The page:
A tad too demanding? Egypt's government expecting private sector to deliver 67% of economic activity
The government is looking to restore the private sector’s contribution to GDP to 67% over the next three years, Minister of Planning and International Cooperation Ashraf El-Araby said Sunday.
The remarks came during the American Chamber of Commerce’s “Unleashing the potential of the private sector in Developing Egypt” press conference. “In 2011, the share of the private sector in the GDP in investments used to be 65% of GDP, however, during the past three years, this share deteriorated to around 60%,” the minister said.
El-Araby stressed that the private sector “has always been and will continue to be the main player in the Egyptian economy.”
The minister added that the government is aware of the challenges that might face the private sector in Egypt, but stressed that overcoming these challenges would be “crucial”.
“The first challenge, or the big one, is how to restore the political stability,” the minister said, but said it was an issue where the country is on the right track.
El-Araby mentioned that the “constitution has put in place a new political structure that regardless of who ends up winning has important checks and balances.”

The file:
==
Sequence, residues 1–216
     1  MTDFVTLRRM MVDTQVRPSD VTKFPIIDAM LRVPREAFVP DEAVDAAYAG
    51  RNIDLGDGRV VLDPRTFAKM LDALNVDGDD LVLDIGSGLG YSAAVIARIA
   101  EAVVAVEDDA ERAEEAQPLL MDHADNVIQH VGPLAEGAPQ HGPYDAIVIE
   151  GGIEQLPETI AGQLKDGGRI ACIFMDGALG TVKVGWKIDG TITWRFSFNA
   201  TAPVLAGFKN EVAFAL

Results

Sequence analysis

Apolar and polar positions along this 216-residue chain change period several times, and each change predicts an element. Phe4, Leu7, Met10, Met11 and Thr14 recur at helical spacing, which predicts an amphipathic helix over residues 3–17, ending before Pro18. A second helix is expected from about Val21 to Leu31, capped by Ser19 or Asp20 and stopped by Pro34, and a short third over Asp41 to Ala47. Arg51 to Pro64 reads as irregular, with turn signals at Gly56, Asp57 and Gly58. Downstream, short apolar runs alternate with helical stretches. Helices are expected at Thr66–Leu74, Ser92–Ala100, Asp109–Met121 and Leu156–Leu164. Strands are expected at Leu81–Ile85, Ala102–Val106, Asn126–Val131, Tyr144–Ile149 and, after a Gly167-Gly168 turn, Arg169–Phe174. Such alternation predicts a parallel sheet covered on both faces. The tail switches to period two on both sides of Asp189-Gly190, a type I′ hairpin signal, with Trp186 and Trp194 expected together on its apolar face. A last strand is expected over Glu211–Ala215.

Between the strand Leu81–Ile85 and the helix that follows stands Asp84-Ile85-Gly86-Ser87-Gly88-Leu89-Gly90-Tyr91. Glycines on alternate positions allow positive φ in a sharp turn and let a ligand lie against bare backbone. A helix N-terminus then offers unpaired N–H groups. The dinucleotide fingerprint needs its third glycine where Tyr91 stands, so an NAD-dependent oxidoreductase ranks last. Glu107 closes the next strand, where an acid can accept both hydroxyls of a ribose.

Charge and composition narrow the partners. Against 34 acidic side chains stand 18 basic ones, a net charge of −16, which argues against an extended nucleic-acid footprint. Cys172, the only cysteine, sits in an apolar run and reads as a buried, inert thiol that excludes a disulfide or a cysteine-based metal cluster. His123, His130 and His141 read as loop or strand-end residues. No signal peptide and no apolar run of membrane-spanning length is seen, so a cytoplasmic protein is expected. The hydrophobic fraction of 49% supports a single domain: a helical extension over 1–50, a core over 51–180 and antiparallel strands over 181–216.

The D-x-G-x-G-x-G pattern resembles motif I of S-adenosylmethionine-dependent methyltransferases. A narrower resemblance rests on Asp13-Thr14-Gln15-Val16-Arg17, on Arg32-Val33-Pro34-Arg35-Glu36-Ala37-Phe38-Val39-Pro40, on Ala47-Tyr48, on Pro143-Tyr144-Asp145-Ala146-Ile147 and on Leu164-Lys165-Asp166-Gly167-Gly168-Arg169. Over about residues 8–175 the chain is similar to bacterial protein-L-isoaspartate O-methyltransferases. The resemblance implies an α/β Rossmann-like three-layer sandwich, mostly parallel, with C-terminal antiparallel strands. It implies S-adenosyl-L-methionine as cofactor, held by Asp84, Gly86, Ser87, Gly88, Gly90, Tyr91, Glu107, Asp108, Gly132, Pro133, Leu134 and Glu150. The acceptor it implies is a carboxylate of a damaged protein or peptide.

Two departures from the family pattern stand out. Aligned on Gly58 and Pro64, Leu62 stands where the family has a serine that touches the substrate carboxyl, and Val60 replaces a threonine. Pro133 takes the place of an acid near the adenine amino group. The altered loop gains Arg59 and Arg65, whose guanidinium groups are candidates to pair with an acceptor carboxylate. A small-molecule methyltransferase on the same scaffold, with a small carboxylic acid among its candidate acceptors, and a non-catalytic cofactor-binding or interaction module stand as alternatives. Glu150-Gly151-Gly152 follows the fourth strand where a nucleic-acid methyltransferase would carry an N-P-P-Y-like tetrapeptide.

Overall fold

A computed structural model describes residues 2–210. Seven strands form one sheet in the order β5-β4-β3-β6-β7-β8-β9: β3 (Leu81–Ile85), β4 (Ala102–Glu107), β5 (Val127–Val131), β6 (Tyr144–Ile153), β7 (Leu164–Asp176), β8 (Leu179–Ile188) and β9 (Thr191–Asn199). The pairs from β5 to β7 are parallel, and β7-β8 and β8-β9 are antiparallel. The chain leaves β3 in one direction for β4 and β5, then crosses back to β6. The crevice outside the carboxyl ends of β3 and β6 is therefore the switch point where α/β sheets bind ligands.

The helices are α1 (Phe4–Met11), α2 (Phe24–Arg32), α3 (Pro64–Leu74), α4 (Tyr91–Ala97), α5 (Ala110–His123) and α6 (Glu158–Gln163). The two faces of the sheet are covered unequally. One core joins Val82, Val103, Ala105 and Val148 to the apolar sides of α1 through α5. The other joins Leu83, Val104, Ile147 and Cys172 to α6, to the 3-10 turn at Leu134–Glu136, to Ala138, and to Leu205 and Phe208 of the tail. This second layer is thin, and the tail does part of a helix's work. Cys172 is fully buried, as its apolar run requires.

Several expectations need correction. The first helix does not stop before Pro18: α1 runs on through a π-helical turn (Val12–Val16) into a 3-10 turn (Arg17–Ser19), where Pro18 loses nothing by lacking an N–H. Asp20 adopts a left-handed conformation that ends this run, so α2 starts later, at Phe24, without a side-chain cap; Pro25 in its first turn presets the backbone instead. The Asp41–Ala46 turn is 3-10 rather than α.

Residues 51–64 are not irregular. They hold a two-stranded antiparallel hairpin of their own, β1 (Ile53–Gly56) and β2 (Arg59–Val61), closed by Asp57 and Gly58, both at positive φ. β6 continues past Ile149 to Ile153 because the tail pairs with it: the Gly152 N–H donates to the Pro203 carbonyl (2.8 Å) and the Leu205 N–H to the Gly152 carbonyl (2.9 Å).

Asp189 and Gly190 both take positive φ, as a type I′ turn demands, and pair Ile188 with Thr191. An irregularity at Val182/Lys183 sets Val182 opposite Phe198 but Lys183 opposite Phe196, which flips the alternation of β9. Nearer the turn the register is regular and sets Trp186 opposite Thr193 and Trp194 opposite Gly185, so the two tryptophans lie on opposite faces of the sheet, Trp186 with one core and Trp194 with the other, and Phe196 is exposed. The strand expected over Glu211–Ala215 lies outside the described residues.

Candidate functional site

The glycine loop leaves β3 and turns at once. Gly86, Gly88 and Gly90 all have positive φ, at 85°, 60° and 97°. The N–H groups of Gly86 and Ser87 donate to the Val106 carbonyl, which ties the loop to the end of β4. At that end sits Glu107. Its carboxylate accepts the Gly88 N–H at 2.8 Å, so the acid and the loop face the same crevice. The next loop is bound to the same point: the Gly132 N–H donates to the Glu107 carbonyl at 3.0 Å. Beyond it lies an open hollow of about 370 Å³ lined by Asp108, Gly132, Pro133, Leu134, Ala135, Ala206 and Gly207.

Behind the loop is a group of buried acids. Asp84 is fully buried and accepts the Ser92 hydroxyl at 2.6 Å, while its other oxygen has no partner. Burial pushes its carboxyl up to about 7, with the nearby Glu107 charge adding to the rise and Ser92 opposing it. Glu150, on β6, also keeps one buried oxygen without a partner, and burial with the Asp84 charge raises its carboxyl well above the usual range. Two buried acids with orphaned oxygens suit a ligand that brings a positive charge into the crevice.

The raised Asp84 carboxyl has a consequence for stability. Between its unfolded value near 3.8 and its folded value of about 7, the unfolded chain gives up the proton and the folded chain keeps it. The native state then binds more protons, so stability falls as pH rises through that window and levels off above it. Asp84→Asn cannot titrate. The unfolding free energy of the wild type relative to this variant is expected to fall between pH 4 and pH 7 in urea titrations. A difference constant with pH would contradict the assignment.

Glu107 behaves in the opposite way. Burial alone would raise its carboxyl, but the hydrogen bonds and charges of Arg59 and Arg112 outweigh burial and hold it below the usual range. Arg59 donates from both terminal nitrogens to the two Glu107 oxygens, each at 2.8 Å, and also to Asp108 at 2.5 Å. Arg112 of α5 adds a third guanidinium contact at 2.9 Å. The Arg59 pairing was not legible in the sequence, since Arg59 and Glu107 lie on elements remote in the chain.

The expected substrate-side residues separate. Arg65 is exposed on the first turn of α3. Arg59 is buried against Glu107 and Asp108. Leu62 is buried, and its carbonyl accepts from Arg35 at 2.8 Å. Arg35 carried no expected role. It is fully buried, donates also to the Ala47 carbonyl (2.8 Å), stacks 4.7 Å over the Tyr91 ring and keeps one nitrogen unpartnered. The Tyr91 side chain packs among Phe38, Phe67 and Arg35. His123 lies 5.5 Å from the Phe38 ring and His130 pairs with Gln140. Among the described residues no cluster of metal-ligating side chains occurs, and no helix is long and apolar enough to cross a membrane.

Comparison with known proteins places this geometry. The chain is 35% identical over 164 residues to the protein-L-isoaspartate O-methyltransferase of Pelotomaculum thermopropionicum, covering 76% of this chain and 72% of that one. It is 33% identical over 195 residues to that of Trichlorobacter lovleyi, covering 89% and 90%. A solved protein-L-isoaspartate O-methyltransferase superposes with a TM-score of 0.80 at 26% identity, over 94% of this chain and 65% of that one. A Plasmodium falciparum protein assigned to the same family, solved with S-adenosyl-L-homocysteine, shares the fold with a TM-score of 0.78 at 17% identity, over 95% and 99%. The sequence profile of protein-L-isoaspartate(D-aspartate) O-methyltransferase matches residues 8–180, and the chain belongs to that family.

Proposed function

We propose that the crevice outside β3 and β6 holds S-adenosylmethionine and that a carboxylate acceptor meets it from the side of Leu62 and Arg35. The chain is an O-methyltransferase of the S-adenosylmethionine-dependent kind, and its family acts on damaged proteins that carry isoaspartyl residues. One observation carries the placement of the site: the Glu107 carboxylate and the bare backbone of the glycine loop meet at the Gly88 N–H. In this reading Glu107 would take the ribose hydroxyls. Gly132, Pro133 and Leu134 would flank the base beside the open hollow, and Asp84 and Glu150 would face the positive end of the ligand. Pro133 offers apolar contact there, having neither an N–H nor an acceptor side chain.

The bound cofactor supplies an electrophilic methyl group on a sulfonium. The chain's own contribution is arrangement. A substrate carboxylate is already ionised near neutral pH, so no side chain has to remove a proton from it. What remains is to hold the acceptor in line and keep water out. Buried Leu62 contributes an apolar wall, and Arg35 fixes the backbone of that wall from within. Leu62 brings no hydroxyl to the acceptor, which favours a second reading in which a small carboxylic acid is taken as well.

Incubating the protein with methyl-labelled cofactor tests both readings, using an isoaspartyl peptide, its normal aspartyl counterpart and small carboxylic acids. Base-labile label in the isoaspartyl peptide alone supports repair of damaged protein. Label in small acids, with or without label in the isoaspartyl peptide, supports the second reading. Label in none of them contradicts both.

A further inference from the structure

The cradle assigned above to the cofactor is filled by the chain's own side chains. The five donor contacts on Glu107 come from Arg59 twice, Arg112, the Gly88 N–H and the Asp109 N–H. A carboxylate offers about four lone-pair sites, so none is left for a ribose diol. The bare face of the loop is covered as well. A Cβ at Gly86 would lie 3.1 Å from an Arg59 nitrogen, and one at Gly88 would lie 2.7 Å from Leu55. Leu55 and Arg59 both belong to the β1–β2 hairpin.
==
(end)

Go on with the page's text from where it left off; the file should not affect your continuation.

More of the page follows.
To have a clear vision that will encourage the private sector, the Ministry of Planning and International Cooperation has started formulating 10 pillars for its Sustainable Development Strategy Egypt 2030. The plan’s pillars include promoting political freedom, economic development, social justice, education, institutional development, environment, research and innovation.
The ministry will soon launch a website in social media for outreach and social inclusion and engagement in the strategy formulation, El-Araby said.
The ministry added the Egyptian Regulatory Reform and Development Activity (ERRADA) initiative will be reactivated within two months. The initiative, which was established in 2008 with the aim of supporting the government’s effort in managing the regulatory system for the business environment in Egypt, was deactivated in 2011.
“The government has not yet decided the affiliation of ERRADA but most probably it will be affiliated to the Ministry of Trade, Industry and Investment,” the minister said.
Earlier this month, the cabinet approved an additional “exceptional” tax of 5% on individuals with an annual income exceeding EGP 1m for a period of three years, known as the “wealth tax”. Some private sector officials have expressed their concern regarding the law, arguing that it will repel investments.
The Minister of Planning and International Cooperation reaffirmed that the wealth tax was originally a proposal from the private sector.
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